Carel ten Cate (Editor), Susan D Healy (Editor)

The cognitive abilities of birds are remarkable: hummingbirds integrate spatial and temporal information about food sources, day-old chicks have a sense of numbers, parrots can make and use tools, and ravens have sophisticated insights in social relationships. This volume describes the full range of avian cognitive abilities, the mechanisms behind such abilities and how they relate to the ecology of the species. Synthesising the latest research in avian cognition, a range of experts in the field provide first-hand insights into experimental procedures, outcomes and theoretical advances, including a discussion of how the findings in birds relate to the cognitive abilities of other species, including humans. The authors cover a range of topics such as spatial cognition, social learning, tool use, perceptual categorization and concept learning, providing the broader context for students and researchers interested in the current state of avian cognition research, its key questions and appropriate experimental approaches.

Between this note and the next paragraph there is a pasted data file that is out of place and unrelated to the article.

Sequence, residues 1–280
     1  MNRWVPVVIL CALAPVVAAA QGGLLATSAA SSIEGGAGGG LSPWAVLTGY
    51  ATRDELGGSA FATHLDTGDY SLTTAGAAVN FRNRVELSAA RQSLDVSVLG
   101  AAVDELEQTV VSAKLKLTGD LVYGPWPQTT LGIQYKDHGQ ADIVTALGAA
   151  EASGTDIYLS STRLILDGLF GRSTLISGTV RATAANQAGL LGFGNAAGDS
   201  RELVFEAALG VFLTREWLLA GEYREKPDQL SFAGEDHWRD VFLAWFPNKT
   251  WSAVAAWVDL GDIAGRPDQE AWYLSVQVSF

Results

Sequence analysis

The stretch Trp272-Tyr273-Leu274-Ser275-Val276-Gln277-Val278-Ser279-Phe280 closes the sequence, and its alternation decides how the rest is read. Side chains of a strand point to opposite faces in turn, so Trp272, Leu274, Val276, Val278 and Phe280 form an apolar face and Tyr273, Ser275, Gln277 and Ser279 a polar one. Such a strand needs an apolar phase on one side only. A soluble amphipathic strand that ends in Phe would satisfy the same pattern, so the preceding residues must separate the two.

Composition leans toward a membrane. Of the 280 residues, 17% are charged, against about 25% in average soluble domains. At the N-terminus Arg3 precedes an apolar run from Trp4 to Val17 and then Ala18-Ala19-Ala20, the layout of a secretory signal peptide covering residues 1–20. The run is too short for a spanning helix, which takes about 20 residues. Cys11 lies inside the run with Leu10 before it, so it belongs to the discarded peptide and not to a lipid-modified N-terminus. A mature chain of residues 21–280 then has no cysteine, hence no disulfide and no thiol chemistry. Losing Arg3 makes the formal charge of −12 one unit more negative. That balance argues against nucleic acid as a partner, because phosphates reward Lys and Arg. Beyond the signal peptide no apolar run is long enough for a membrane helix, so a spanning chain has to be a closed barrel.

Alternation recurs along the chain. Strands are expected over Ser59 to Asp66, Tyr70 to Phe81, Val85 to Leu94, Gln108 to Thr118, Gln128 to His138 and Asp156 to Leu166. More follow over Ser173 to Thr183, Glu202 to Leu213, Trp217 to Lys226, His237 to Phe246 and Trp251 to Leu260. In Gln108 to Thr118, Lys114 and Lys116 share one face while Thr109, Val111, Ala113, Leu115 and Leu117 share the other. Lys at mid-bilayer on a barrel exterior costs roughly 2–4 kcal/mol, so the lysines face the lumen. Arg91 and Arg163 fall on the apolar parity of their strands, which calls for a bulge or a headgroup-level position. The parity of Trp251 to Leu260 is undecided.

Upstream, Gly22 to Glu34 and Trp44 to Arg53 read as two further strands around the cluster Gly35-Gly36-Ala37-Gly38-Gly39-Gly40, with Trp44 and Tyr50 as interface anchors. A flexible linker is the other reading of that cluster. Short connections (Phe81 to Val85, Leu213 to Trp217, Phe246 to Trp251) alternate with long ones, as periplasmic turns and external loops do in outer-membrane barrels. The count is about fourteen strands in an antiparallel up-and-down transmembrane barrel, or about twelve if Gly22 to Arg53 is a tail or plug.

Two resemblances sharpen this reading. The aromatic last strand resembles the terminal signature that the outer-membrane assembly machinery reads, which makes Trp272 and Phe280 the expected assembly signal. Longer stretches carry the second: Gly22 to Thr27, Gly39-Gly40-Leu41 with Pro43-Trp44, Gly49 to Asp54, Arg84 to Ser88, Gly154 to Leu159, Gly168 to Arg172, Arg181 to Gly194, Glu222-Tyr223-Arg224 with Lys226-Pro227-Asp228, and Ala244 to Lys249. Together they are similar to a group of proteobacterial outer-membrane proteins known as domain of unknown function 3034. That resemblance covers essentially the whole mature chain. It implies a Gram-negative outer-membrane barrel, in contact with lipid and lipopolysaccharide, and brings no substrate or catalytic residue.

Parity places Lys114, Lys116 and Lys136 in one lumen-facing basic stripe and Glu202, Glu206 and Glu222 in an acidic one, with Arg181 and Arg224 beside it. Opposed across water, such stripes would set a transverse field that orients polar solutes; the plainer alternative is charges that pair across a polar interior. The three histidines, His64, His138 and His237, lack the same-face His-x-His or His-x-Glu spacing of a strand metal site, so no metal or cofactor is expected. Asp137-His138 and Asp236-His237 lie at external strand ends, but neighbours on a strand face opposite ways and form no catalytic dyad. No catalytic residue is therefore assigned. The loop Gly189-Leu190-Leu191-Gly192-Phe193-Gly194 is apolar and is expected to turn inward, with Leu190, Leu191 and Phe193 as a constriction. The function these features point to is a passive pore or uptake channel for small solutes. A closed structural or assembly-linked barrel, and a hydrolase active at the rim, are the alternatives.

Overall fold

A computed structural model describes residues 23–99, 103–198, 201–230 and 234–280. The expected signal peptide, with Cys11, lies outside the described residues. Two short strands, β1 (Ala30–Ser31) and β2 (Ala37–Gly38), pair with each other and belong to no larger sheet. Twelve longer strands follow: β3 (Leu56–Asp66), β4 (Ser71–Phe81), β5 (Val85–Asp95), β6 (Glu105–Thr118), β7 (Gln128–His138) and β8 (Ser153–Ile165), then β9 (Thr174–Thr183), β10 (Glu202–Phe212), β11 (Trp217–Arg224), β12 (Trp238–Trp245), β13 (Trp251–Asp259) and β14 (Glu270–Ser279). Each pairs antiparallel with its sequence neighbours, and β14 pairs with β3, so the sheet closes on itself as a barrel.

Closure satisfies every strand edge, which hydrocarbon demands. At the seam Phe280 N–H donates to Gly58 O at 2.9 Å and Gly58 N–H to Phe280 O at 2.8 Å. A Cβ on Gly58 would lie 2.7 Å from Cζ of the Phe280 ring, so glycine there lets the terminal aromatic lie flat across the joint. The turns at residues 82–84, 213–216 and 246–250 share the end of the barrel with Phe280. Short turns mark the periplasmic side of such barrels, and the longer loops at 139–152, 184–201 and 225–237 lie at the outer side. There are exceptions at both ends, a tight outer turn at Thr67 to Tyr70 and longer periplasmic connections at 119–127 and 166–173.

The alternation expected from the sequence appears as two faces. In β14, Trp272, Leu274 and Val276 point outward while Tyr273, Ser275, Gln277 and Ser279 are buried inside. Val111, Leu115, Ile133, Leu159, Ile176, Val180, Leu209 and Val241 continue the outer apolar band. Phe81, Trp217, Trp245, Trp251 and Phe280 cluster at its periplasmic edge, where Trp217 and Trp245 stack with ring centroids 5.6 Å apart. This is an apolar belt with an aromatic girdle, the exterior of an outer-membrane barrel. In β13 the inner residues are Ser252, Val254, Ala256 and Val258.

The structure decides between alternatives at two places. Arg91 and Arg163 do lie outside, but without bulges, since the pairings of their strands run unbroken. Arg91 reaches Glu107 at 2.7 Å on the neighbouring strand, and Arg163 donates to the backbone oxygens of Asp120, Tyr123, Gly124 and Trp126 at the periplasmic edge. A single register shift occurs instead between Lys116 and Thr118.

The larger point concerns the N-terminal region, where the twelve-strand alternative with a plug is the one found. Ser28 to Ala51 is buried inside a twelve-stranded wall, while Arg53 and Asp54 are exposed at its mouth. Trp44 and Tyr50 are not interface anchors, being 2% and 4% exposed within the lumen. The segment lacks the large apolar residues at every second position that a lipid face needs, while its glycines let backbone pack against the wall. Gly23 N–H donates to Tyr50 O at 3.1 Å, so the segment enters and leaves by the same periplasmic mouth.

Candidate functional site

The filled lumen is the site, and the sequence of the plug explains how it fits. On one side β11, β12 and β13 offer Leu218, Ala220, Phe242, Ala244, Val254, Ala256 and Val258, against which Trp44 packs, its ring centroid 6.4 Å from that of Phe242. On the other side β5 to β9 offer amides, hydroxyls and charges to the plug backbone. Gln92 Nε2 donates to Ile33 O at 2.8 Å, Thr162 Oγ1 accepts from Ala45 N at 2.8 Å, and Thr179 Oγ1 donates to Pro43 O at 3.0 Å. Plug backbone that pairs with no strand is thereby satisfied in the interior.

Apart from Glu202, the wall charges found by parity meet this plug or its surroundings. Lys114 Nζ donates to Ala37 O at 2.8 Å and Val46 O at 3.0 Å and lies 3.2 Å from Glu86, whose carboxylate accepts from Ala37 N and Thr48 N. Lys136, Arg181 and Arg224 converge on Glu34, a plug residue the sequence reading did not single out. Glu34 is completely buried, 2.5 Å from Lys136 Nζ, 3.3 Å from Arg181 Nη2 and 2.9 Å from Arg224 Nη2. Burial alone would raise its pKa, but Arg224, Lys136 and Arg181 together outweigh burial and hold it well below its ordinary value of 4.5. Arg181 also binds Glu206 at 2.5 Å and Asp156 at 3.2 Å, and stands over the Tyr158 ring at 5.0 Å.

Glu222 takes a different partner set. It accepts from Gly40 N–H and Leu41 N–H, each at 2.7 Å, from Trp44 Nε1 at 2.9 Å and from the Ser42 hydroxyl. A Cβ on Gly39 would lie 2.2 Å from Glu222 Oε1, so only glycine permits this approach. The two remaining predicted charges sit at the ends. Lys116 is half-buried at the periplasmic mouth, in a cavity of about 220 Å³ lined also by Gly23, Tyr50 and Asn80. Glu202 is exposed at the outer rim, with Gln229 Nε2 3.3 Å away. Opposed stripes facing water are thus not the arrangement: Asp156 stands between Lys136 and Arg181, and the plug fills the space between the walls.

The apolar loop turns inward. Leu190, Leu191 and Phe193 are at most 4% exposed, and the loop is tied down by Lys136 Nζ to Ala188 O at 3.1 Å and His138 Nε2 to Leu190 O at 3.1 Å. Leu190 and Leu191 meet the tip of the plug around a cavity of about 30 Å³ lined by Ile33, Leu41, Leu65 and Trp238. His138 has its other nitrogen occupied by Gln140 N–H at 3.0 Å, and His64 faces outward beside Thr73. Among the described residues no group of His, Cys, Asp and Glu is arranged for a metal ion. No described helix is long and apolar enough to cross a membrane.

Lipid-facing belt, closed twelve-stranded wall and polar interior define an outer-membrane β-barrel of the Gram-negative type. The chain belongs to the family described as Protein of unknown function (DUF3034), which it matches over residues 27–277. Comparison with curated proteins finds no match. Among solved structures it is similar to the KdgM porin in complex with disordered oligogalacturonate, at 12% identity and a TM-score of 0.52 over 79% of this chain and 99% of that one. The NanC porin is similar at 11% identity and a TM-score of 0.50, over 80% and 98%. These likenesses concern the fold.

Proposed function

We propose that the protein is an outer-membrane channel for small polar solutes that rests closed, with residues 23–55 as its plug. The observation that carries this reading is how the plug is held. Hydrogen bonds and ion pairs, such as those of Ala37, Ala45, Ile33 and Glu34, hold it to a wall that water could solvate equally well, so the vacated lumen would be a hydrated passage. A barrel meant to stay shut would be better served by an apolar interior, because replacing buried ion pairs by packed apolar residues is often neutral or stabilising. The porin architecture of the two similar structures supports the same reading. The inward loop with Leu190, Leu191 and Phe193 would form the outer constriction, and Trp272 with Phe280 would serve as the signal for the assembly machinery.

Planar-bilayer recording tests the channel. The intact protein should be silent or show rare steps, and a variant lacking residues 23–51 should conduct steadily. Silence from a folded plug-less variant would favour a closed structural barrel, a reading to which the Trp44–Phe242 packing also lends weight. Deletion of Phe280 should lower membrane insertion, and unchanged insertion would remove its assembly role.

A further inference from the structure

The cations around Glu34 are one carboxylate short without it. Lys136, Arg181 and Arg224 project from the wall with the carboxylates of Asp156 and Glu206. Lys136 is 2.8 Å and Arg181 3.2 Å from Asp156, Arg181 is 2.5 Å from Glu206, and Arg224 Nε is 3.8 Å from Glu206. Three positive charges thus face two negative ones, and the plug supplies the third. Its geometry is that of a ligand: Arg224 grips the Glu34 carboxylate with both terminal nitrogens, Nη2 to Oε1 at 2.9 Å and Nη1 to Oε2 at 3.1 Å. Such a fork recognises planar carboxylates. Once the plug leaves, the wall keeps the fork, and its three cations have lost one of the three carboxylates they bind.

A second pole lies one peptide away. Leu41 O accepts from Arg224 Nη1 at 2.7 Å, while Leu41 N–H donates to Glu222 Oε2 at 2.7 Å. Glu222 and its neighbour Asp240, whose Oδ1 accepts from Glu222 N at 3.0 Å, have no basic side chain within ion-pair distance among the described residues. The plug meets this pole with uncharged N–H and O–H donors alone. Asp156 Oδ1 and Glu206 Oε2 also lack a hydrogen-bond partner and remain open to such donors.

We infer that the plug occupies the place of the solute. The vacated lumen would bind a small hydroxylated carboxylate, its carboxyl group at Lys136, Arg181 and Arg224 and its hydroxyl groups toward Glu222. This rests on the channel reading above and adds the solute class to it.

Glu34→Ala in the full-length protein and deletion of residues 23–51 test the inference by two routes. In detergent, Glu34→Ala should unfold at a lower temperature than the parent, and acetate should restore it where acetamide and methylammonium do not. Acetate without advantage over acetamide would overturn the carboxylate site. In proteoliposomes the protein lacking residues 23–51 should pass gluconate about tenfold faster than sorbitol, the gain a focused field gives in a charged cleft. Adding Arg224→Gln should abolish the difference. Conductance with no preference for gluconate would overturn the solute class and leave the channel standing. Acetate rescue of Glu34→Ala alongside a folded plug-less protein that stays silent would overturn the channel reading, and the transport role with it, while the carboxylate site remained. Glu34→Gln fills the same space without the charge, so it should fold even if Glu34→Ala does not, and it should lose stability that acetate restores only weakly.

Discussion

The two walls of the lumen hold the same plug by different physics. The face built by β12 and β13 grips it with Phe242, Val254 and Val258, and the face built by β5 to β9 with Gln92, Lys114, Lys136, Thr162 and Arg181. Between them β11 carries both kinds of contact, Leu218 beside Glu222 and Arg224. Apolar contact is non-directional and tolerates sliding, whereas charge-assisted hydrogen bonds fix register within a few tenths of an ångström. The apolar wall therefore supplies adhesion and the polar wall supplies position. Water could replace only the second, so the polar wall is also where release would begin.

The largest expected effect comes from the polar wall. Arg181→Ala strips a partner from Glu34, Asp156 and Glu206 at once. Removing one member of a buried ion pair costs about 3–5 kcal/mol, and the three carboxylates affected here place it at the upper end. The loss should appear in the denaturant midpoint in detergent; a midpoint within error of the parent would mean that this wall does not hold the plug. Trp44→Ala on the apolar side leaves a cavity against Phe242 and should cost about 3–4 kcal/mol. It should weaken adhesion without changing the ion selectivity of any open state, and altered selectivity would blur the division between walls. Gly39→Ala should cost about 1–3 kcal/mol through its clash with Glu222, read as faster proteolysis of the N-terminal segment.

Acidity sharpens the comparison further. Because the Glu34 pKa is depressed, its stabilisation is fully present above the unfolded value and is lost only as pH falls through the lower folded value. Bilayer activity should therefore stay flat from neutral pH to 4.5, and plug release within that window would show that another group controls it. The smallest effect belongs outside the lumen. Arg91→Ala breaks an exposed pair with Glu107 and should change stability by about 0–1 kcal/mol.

• Addresses the proximate mechanisms underlying avian cognition, their ecological and evolutionary context and the approaches that have been used to study this experimentally, providing a complete overview of the field
  • Fully illustrated with over one hundred figures, including detailed diagrams of experimental approaches
  • Leaders in the field demonstrate how avian cognitive abilities have the potential to shed light on the origins of sophisticated traits that are common in humans
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Cambridge University Press, June 2017.  339 pages, hard cover, 108 b/w photos and b/w illustrations, 3 tables